For some reason, we like to do certain things in certain places. It's not as comical a statement as it first appears. Consider work: we go to work, sit at a desk, or lecture in a classroom. We have a habit of eating dinner at the table (well, for some, in front of the TV).

We have a "go to" mentality. Why? I haven't a clue. But that mentality is changing in a few areas.

Consider business - many workplaces are moving away from the traditional "go to work" mentality. Distributed workforces, increased travel, and internet connectivity leave many professionals with only a limited presence at a particular physical location.

Consider another perspective: "we go to classrooms to learn". It may have been more valuable at one time, but with meetups and internet connectivity, I wonder if classrooms are going to go the way of business offices: distributed, open, mobile.

Are Social Networking Sites Good For Business?


I often encounter this type of question with regards to education: Are social networking sites good for business? The question assumes that SNS possess some intrinsic value in themselves.

Simply put, social networking services are good for communicating and connecting with others. If that's your aim - in education, business, or whatever - then, yes, these tools can be useful. Outside of an aim, in keeping with Gibson's concept of the need of an agent to perceive affordances or action potential of a tool, SNS have no value.

Presentation: Designing New Learning Landscapes

I delivered a presentation to ABEL at York University this morning: Designing new learning landscapes.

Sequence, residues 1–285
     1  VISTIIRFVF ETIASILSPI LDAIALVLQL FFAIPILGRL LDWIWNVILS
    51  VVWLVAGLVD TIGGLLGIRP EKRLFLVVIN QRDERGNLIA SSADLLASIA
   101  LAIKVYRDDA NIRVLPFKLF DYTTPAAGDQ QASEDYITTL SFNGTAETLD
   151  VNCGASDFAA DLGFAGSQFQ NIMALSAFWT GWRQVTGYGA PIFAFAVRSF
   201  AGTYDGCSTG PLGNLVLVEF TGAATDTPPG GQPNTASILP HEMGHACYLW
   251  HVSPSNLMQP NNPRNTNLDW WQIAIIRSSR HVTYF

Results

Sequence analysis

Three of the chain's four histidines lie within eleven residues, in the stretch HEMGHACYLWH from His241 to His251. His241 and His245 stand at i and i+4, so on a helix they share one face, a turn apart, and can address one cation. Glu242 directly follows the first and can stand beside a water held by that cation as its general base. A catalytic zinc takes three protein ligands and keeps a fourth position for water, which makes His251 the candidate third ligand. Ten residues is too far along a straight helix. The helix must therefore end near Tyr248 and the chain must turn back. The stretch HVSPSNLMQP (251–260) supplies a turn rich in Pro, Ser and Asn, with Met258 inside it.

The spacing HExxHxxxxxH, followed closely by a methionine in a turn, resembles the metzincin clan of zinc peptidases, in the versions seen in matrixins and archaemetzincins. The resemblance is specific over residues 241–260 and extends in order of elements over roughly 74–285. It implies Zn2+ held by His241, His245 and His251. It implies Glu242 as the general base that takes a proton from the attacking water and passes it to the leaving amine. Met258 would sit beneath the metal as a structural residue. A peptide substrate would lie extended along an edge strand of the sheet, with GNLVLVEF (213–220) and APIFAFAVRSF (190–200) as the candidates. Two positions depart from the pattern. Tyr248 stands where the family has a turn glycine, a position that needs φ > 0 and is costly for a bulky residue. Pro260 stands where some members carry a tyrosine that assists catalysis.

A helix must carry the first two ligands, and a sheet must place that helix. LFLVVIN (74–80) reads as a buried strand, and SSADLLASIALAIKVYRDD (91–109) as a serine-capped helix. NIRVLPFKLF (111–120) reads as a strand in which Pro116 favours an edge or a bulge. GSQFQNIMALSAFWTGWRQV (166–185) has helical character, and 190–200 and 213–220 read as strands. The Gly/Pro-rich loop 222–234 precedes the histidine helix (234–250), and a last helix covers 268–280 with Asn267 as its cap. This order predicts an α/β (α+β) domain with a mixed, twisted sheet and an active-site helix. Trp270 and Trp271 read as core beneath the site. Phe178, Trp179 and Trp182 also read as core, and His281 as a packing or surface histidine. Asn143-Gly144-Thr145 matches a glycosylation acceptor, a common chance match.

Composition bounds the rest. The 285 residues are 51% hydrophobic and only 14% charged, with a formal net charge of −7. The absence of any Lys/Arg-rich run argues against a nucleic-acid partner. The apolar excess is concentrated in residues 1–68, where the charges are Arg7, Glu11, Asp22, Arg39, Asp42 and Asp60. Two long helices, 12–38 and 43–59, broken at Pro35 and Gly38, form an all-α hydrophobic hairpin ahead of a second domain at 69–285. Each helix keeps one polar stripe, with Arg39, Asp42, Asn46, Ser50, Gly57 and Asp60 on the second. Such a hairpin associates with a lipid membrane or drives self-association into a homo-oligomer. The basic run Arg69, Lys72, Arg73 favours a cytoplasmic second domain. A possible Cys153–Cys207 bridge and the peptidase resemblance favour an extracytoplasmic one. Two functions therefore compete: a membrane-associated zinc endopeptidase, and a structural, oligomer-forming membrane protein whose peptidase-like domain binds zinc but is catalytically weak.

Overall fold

While preparing for the session, I was looking back at what kinds of questions we are asking today as compared to questions we were asking only ten years ago. The types of questions we are asking obviously provide and indication of what we are seeking... i.e. questions reveal a mindset or goal-orientation. Many of us have moved from asking "is technology effective" to "how can we use technology as a lever for transformation".

The new orientation makes an enormous difference in where we'll end up in the next decade...

Photo credits:
20 Free Ebooks On Social Media - One Laptop per Child
NFS and The Birth Of Internet - Ray Schroeder
Social Media Classroom - Howard Rheingold
Explaining Leads To Information - Olaru Radian-Alexandru
Facebook In Education - Facebook © edited by Daniele Bazzano
Web 2.0 - Matteo Pompoli
Location-Based Learning and Working - OSTILL
Are Social Networking Sites Good For Business - Vincent Oliva
Presentation: Designing New Learning Landscapes - George Siemens

Originally written by George Siemens for elearnspace and first published on August 22th 2008 as weekly email digest on eLearning Resources and News.

About the author

To learn more about George Siemens and to access extensive information and resources on elearning check out Explore also George Siemens connectivism site for resources on the changing nature of learning and check out his new book "Knowing Knowledge".

George Siemens -
Reference: eLearnSpace [ Read more ]
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posted by Robin Good on Saturday, August 23 2008, updated on Tuesday, May 5 2015